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Walsh may be called to testify in Arroyo lawsuit

October trial date set in civil case against City of Boston, mayor’s former health chief

Felix G. Arroyo.Essdras M Suarez/Globe Staff

Mayor Martin J. Walsh could be called to testify in a lawsuit brought by a former City Hall employee who alleges his administration retaliated against and demoted her after she complained she was sexually harassed by Walsh’s then-health and human services chief Felix G. Arroyo.

Walsh is among dozens of potential witnesses identified by Hilani Morales, a former policy director in the city’s office of health and human services who sued Arroyo and the city after Walsh fired Arroyo in August 2017.

Arroyo has called the allegations “completely false,” and the city denies it retaliated against her. Judge Beverly J. Cannone has set an October trial date in Suffolk Superior Court.

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Morales, who first filed the lawsuit nearly two years ago, accused Arroyo of manipulating her into a sexual relationship in 2016, and both verbally abusing and physically assaulting her at work after she ended it. Her allegations upended City Hall in the summer of 2017, and derailed Arroyo’s rapid ascension through Boston politics from a city councilor to mayoral candidate and a member of Walsh’s Cabinet.

After Morales reported her complaints to the city’s human resources department, she said she was "stunned” when the city transferred her to the facilities department, where she said she was given the same salary but no directions about her new post, which she called a demotion.

Arroyo denies he harassed Morales, and has accused her of being a "subpar” employee who tried to save her job and destroyed his reputation with false claims. Arroyo has also filed a counterclaim for defamation against Morales, and is seeking an unspecified amount of money.

The sides have discussed settling, according to a 22-page joint memo filed in the case, and "there is a possibility” they’ll engage in mediation, though the filing gives no indication of where any talks stand.

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Isaac H. Peres, Arroyo’s attorney, said that while they are willing to listen to the other parties, "at this time we do not anticipate any settlement because Mr. Arroyo wants his day in court.”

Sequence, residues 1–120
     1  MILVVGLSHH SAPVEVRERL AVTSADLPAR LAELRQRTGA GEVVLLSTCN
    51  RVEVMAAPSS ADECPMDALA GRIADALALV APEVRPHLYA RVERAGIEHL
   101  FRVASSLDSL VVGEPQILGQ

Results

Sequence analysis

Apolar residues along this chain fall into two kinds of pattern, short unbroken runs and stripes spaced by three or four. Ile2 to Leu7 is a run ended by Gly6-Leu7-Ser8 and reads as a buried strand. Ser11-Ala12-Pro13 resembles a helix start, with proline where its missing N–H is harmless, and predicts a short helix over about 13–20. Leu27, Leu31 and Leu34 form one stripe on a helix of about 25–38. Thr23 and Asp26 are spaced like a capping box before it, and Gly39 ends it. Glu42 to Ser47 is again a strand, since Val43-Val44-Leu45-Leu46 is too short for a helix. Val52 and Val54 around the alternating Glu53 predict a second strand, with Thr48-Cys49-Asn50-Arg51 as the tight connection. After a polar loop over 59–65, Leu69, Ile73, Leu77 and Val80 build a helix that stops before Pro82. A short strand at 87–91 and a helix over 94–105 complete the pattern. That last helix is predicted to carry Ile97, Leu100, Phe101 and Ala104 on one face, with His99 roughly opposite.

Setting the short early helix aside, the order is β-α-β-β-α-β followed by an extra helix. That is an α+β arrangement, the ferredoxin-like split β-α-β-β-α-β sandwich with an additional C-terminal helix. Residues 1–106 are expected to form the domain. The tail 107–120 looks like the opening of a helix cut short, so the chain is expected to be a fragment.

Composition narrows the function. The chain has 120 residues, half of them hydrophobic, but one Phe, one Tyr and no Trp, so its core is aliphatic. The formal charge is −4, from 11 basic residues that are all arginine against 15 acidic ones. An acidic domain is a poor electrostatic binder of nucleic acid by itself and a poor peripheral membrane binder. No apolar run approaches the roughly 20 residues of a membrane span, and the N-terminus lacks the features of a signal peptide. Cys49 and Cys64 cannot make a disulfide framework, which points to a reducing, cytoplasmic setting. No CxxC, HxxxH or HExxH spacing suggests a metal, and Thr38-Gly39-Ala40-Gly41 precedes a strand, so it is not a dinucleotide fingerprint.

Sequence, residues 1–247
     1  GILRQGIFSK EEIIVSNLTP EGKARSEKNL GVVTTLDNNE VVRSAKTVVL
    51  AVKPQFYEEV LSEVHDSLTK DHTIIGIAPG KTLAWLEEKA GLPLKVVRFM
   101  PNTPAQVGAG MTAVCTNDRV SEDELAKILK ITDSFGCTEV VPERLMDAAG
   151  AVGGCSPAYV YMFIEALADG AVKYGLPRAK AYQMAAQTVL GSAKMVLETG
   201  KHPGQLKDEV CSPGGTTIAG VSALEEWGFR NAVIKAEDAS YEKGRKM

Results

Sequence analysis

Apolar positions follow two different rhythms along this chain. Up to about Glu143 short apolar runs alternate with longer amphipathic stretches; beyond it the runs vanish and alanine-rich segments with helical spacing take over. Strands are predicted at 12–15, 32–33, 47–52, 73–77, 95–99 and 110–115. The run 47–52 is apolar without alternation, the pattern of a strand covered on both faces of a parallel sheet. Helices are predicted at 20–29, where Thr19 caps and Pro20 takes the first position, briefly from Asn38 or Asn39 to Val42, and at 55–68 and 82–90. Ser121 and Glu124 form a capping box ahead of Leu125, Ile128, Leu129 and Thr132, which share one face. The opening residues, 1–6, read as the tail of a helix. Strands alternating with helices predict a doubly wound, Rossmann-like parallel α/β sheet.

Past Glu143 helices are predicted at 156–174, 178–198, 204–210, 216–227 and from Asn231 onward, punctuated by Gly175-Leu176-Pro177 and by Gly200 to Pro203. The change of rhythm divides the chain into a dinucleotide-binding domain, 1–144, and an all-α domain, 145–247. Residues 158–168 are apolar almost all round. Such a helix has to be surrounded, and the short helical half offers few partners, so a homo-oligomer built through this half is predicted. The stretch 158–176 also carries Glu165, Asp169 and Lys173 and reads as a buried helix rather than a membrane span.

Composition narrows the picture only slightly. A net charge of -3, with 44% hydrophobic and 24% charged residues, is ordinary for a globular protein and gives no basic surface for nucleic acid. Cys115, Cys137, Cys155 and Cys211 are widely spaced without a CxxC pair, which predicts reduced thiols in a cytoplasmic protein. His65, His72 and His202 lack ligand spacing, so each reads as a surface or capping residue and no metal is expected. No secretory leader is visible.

“Felix G. Arroyo has always maintained his innocence and is looking forward to clearing his name at trial,” Peres said. "Additionally, we fully expect that Mr. Arroyo’s counterclaim against the plaintiff will be successful, and he will finally receive some measure of justice for her defaming his reputation and character.”

John Tocci, Morales’s attorney, declined to comment. A spokeswoman for the mayor said his office had no comment.

In the Feb. 12 joint memo, the Walsh administration said Morales had agreed to the new position, which carried the same title as her post in health and human services, and that she had repeatedly "expressed interest” in finding a new job in the city.

The move, the city said, was made to "ensure Ms. Morales’s safety” and to avoid any interactions between her and Arroyo. Morales ultimately resigned in November 2017.

Walsh’s place on the witness list does not mean he will be called to testify. The Dorchester Democrat was also among the potential witnesses identified in the case against two City Hall aides accused of extorting union jobs from organizers of the Boston Calling music festival, but he ultimately never took the stand. Those aides’ convictions were tossed by a federal judge earlier this month.

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Two of Walsh’s former chiefs of staff — Daniel Koh and David Sweeney — and several other City Hall employees are also identified as potential witnesses in the Morales lawsuit. Morales said she had met with Koh two days before she learned she was being moved to another department, a meeting she documented in an e-mail in which she described Koh as "very troubled by the allegations against Felix.’’

Morales alone lists more than 30 people she could call at trial, which attorneys expect could last weeks.

Morales is seeking $65,000 in back pay and $10,000 to cover medical bills after she said she sought out psychiatric care to deal with the "emotional devastation wrought by her employer.” She’s also seeking an unspecified amount in damages for emotional distress and legal fees.

She filed a complaint with the Massachusetts Commission Against Discrimination in August 2017 and described a hostile working environment, inappropriate conduct, and repeated sexual harassment at the hands of Arroyo. She said he once grabbed her by the back of her neck and squeezed very hard after he learned she had scheduled a meeting with a human resources official.

She ultimately withdrew the complaint to file the civil lawsuit, in which she alleged that Arroyo made repeated advances to the point she felt "trapped” and ultimately relented to a sexual relationship with him in 2016. After she ended it, she said he made repeated requests for sex.

The city hired Kay Hodge, an attorney at Stoneman, Chandler & Miller LLP, in 2017 to conduct an internal probe, which Morales said corroborated most of her allegations and included testimony that a witness saw Arroyo inappropriately touch Morales at a work event.

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Arroyo denies that the investigation confirmed any of her claims and argues that she has told contradictory versions of her allegations.


Matt Stout can be reached at matt.stout@globe.com. Follow him @mattpstout.